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‘Hare Krishna!’: a promotional film about a movement

“Hare Krishna! The Mantra, the Movement and the Swami Who Started It All” plays more like a promotional video than a serious documentary about a swami and his spiritual movement. It’s so uncritical of its subject [Read entire story]

‘Good Time’: Pattinson takes big acting leap in good but not great film

Even when Robert Pattinson was slumming his way through the wretched “Twilight” saga, there was always the sense that a good actor was waiting to break out and show us that he was not just another pretty vampire. In [Read entire story]

‘The Only Living Boy in New York’: a failure on all cylinders

“The Only Living Boy in New York,” in which a misunderstood Millennial man falls for his rich father’s mistress, is a misfire in Manhattan, and there is nothing that its appealing cast can do to save it. Thomas [Read entire story]

‘Kidnap’: Abductors are no match for Halle Berry

“Kidnap,” in which a working-class single mom chases down her little boy’s abductors, is the latest B-movie vehicle for Oscar-winning actress Halle Berry. Berry plays Karla, an impossibly beautiful and wonderful [Read entire story]

‘City of Ghosts’: A harrowing tribute to Syrian activists

“City of Ghosts,” a harrowing documentary about ISIS atrocities in Syria, is both timely and terrifying, but it will be remembered most for putting a human face on the citizen journalists who — at great risk — [Read entire story]

‘The Journey’: A car ride to peace

“The Journey” takes a real-life historical event — a 2006 agreement to end the Northern Ireland dispute — and imagines it as a road trip/buddy movie between two real-life political foes. The story begins at St. [Read entire story]

‘Despicable Me 3’: great animation, so-so story

“Despicable Me 3,” the latest installment in the juggernaut series about an ex-villain who now chases super-villains, has a lot going for it: cute characters, some clever set-pieces and of course, dazzling [Read entire story]

A guide to celebrating SF Pride

Resisting regression and celebrating — not necessarily in that order — will be the overarching themes of the 47th annual San Francisco Lesbian, Gay, Bisexual, Transgender Pride Parade, which has become one of the [Read entire story]

Frameline offers bounty of movies during Pride Week

San Francisco’s Pride Week would not be complete without taking in a movie at Frameline, the most renowned LGBTQ film festival in the world. For the entire week, the festival will be playing movies day and night, [Read entire story]

’47 Meters Down’: Waters infested with sharks, tension

After “47 Meters Down” — an often terrifying if somewhat implausible horror-thriller about two sisters trapped in an underwater shark cage — the scuba diving industry may never be the same. Unfortunately, their [Read entire story]

‘The Women’s Balcony’: a charming tale of a synagogue feud

“The Women’s Balcony,” about a rift within an Orthodox Jewish congregation in Jerusalem, is such an agreeable, crowd-pleasing film that its light touch could be mistaken for being lightweight. [...] beneath its [Read entire story]

‘Slack Bay’: The French gone wild

The uneven, misanthropic French comedy “Slack Bay,” one of the weirdest period pieces in quite some time, is an odd combination of “The Discreet Charm of the Bourgeoisie,” Monty Python, and “Laurel and [Read entire story]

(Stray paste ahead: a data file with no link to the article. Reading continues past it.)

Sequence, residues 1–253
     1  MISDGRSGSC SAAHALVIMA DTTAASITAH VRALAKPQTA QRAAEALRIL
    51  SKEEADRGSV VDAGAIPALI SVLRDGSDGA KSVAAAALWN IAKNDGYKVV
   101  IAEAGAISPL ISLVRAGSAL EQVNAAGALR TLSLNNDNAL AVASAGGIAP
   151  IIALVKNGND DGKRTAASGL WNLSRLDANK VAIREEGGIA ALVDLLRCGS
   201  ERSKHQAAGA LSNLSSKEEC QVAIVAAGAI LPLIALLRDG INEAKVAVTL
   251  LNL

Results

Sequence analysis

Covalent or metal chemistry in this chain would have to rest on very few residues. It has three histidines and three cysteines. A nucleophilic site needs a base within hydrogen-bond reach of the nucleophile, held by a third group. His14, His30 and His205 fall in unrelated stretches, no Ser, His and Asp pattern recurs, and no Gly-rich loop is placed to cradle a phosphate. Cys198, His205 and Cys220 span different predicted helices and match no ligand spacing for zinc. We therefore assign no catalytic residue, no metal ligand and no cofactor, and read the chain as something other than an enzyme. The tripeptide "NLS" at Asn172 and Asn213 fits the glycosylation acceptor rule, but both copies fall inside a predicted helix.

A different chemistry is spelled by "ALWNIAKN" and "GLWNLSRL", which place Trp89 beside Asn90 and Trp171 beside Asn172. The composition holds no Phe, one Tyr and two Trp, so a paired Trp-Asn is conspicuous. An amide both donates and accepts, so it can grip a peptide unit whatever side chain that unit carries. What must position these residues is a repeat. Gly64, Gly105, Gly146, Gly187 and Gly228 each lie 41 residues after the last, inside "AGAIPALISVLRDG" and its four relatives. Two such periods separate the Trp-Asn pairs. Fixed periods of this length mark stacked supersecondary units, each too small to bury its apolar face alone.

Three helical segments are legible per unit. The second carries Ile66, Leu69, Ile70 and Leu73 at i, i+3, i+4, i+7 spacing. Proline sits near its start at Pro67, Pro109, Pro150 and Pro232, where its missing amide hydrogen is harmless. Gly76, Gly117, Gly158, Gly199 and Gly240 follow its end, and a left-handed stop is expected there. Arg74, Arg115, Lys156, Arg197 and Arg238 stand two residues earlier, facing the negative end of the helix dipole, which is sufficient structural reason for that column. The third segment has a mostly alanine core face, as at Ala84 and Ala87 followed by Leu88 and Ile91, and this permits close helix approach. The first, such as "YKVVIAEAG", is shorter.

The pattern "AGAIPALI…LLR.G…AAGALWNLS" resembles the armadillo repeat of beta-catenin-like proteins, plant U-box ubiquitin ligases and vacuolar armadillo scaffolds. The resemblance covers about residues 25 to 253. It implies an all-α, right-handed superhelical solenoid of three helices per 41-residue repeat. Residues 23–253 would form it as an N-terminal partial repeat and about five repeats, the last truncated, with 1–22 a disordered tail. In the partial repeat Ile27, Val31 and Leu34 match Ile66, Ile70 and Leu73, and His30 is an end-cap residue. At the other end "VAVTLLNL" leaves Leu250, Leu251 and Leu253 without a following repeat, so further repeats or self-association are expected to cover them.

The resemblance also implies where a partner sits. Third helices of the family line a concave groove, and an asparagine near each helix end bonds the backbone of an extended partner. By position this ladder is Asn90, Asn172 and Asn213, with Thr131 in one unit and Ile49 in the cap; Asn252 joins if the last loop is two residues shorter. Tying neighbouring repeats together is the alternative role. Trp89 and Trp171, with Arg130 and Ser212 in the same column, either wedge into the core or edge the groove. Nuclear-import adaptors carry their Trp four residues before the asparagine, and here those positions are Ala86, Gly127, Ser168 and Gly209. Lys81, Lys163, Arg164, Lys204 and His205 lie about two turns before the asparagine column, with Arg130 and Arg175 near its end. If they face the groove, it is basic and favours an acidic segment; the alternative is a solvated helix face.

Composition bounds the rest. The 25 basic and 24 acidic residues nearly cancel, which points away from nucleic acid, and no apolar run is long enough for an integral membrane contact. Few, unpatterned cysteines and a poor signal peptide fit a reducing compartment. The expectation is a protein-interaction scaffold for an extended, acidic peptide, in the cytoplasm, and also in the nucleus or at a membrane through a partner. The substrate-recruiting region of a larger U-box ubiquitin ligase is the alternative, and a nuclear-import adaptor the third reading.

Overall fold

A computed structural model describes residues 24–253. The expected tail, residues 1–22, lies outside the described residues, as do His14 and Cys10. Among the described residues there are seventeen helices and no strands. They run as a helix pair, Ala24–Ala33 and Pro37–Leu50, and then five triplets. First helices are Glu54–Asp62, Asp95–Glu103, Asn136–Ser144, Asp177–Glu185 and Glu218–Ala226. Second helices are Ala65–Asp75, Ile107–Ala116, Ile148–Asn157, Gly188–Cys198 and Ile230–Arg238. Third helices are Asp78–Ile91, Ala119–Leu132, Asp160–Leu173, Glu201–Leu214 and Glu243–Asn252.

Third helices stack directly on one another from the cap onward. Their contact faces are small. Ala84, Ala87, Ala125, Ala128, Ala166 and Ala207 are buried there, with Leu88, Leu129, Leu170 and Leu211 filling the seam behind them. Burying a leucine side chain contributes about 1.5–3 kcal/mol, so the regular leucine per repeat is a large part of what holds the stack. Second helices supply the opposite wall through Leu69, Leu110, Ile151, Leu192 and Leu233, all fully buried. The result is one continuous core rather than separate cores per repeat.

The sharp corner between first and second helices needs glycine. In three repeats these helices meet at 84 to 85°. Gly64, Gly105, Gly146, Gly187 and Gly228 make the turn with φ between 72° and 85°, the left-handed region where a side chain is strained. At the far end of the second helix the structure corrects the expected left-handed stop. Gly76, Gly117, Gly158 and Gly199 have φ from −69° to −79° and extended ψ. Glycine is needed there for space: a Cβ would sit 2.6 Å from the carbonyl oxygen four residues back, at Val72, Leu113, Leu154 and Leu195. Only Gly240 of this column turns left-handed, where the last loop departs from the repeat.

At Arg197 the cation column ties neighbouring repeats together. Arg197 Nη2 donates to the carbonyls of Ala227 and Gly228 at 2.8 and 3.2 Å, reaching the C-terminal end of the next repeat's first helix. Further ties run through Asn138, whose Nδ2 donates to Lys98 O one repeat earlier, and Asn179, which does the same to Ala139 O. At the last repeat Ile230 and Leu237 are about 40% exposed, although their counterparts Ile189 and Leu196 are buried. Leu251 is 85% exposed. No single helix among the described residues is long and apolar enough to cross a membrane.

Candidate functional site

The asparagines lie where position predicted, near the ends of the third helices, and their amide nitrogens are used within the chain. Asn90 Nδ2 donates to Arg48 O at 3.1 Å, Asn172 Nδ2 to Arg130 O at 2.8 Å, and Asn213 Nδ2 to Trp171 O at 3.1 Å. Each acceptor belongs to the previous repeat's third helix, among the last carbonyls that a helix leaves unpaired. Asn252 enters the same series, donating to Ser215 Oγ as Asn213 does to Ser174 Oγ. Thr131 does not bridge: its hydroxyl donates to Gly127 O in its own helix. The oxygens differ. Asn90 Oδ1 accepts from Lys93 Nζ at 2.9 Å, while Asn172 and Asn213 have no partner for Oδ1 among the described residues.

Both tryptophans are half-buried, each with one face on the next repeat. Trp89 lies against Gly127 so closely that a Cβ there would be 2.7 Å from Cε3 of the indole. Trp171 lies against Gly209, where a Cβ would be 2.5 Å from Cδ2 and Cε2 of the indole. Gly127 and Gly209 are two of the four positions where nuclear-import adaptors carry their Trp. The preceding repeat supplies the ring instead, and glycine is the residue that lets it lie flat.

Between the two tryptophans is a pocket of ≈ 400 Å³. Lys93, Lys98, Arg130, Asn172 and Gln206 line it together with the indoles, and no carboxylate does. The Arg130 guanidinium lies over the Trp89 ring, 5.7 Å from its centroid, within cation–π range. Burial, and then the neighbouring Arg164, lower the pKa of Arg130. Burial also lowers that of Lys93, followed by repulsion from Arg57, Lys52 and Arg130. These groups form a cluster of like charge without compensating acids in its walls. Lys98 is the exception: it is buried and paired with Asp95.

‘Obit’: a delightful look at death stories

Obituaries have always been one of the most misunderstood and underrated art forms in the newspaper profession, but the highly enjoyable documentary “Obit” finally gives credit to the storytellers who bring people to [Read entire story]

‘Risk’: A fascinating, fly-on-the-wall look at Julian Assange

“Risk,” a fascinating conundrum of a movie about Julian Assange and his fuzzy free speech movement, may not be remembered as the definitive film about the Wikileaks affairs. [...] its remarkable access to the master [Read entire story]

‘The Dinner’: Too many courses overwhelm an interesting meal

“The Dinner,” a well-acted psychological drama in which four people at a high-end restaurant struggle with family matters, is an interesting meal with too many courses. Director Oren Moverman cannot be faulted for [Read entire story]

‘Unforgettable’: a deliciously awful film for the ages

“Unforgettable,” a purported drama about a scorned woman who tries to destroy her ex-husband’s fiancee, is a perversely entertaining showcase of deliciously awful acting, memorably putrid lines and laugh-out-loud [Read entire story]

‘In Search of Israeli Cuisine’: Plenty on the menu

The intriguing, easily digestible documentary “In Search of Israeli Cuisine” has a lot more than food on its plate. “In Search” is also an education about Israel’s surprisingly diverse cultures, and an [Read entire story]

‘Wilson’ has plenty of laughs but doesn’t completely satisfy

Woody Harrelson plays Wilson, an unfiltered loner who invades the personal spaces of others and offers pointed critiques of contemporary society, whether he’s with an unsuspecting dog-walker, a train passenger or even [Read entire story]

‘Contemporary Color’: vivid if distant view of color guards

“Contemporary Color” is a concert documentary that celebrates the gathering of 10 color guards — flag-spinning, rifle-tossing squads that perform impressively choreographed routines to original songs from the likes [Read entire story]

‘Everybody Loves Somebody’: a bilingual delight

Like its bilingual heroine, the multicultural romantic comedy “Everybody Loves Somebody” breezily bounces back and forth from Baja to Los Angeles, and it’s a pleasant diversion, on both sides of the border. In a [Read entire story]